I thoroughly enjoyed this book. It’s nice to have a fun read, with strong characters in an interesting location. A slow-burning plot that takes off in unexpected directions doesn’t hurt either.
But I have nothing more to say about it. Nothing profound.
I was entertained; I expect most readers intrigued by the premise will be, too.
The narrator and main character Apollo is a long-time bookman. Since his wife Emma is expecting their first child, he is in need of a big score, which he finds in the basement of a recently deceased Bronx resident. A signed copy of To Kill A Mockingbird addressed to ‘Pip’, one of Harper Lee’s pet names for her friend Truman Capote. If the signature is genuine, the book is worth a high five-figure sum.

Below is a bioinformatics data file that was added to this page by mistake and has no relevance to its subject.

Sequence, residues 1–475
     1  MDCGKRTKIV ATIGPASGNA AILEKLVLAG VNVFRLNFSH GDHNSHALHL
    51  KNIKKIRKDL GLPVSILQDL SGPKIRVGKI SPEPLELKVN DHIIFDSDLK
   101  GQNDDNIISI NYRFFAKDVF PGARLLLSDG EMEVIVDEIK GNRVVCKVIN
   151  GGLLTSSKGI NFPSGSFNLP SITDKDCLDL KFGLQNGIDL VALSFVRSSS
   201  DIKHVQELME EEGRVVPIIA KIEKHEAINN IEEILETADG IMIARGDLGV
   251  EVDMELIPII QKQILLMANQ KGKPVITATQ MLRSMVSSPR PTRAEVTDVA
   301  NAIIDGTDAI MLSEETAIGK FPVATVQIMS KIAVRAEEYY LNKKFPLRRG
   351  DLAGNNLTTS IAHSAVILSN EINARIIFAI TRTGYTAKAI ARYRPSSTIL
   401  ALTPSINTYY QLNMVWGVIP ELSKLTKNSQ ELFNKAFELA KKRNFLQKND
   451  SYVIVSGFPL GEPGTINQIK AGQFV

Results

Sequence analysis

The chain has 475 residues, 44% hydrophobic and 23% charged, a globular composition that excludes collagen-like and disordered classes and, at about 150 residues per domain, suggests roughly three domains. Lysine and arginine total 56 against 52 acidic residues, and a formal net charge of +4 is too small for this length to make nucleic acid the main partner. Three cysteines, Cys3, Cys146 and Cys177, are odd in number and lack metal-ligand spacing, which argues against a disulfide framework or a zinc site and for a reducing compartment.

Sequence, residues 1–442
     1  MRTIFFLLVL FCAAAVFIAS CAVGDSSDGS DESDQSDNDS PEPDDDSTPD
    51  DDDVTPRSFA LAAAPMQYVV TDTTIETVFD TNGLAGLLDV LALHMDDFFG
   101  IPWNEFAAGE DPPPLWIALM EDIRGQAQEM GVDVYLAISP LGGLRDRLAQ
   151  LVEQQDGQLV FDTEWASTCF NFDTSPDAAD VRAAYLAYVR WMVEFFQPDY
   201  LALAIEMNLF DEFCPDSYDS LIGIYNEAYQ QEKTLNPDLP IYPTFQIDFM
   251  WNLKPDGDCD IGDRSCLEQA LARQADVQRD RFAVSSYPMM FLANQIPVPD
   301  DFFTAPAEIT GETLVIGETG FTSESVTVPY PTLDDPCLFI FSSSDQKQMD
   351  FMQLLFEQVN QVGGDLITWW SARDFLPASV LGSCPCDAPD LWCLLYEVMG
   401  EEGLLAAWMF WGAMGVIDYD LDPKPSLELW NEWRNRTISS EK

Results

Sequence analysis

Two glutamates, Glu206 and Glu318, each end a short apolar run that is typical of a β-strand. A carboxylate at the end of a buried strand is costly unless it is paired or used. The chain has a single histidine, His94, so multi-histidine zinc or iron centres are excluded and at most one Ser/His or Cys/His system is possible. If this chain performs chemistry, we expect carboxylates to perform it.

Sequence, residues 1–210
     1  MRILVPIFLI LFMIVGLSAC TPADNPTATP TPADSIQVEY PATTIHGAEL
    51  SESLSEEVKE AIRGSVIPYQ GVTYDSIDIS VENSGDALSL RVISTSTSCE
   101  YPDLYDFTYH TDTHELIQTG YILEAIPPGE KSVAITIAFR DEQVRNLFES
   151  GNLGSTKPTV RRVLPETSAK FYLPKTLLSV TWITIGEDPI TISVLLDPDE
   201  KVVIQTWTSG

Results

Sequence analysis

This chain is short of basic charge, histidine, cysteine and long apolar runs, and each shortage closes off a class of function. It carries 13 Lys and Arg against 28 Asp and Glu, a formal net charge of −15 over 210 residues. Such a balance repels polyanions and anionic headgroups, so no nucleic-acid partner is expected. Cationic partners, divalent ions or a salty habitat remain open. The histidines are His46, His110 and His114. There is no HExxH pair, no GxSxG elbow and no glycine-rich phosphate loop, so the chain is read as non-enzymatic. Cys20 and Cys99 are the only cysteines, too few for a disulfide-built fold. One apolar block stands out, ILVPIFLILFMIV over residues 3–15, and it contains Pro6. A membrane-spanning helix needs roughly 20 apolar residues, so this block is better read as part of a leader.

A plot about rare books is all you need to keep me reading, but there’s more. Much more. I don’t say much here to avoid spoilers but I will say that the birth scene on the subway is terrific. An excellent piece of writing.
What happens afterwards, takes the story and the reader on a fairly wild ride into the paranormal.
But in the end, while I enjoyed the ride very much, it was simply that, a good ride.